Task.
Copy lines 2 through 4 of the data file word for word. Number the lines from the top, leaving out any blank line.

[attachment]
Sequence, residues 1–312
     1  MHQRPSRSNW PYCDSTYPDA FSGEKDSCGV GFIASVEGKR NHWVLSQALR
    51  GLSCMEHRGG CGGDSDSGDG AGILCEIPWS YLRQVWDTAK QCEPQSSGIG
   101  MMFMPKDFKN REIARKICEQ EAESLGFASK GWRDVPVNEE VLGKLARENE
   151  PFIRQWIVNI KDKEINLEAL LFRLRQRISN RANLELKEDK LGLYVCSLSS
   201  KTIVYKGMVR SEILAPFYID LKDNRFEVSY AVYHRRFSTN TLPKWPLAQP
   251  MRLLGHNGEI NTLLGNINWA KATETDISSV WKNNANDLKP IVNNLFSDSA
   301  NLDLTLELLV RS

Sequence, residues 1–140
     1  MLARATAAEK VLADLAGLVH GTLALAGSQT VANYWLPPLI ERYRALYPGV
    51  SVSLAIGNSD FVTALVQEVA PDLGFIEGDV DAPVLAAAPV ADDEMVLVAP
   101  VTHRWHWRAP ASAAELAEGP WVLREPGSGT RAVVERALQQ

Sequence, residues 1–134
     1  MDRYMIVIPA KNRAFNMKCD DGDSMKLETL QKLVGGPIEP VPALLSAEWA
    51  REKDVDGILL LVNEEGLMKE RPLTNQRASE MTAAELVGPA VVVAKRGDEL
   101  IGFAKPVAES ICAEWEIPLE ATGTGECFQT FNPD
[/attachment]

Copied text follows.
     1  MHQRPSRSNW PYCDSTYPDA FSGEKDSCGV GFIASVEGKR NHWVLSQALR
    51  GLSCMEHRGG CGGDSDSGDG AGILCEIPWS YLRQVWDTAK QCEPQSSGIG
   101  MMFMPKDFKN REIARKICEQ EAESLGFASK GWRDVPVNEE VLGKLARENE